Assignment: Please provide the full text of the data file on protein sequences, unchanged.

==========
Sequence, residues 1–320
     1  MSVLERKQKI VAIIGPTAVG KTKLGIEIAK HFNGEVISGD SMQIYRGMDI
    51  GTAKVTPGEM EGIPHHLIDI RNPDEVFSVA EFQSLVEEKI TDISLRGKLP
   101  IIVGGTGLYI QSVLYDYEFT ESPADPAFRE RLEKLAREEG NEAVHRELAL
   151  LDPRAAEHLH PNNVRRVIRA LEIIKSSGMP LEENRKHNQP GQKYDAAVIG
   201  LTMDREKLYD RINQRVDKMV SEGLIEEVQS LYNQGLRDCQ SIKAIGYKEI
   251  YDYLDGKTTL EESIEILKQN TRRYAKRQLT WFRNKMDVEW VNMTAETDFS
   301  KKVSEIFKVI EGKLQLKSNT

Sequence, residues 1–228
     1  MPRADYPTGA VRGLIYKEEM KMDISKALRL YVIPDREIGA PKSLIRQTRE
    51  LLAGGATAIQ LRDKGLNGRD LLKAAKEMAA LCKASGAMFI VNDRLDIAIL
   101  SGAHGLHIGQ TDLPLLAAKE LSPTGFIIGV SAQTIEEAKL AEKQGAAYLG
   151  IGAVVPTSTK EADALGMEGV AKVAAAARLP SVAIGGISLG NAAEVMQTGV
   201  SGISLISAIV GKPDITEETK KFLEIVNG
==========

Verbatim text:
Sequence, residues 1–320
     1  MSVLERKQKI VAIIGPTAVG KTKLGIEIAK HFNGEVISGD SMQIYRGMDI
    51  GTAKVTPGEM EGIPHHLIDI RNPDEVFSVA EFQSLVEEKI TDISLRGKLP
   101  IIVGGTGLYI QSVLYDYEFT ESPADPAFRE RLEKLAREEG NEAVHRELAL
   151  LDPRAAEHLH PNNVRRVIRA LEIIKSSGMP LEENRKHNQP GQKYDAAVIG
   201  LTMDREKLYD RINQRVDKMV SEGLIEEVQS LYNQGLRDCQ SIKAIGYKEI
   251  YDYLDGKTTL EESIEILKQN TRRYAKRQLT WFRNKMDVEW VNMTAETDFS
   301  KKVSEIFKVI EGKLQLKSNT

Sequence, residues 1–228
     1  MPRADYPTGA VRGLIYKEEM KMDISKALRL YVIPDREIGA PKSLIRQTRE
    51  LLAGGATAIQ LRDKGLNGRD LLKAAKEMAA LCKASGAMFI VNDRLDIAIL
   101  SGAHGLHIGQ TDLPLLAAKE LSPTGFIIGV SAQTIEEAKL AEKQGAAYLG
   151  IGAVVPTSTK EADALGMEGV AKVAAAARLP SVAIGGISLG NAAEVMQTGV
   201  SGISLISAIV GKPDITEETK KFLEIVNG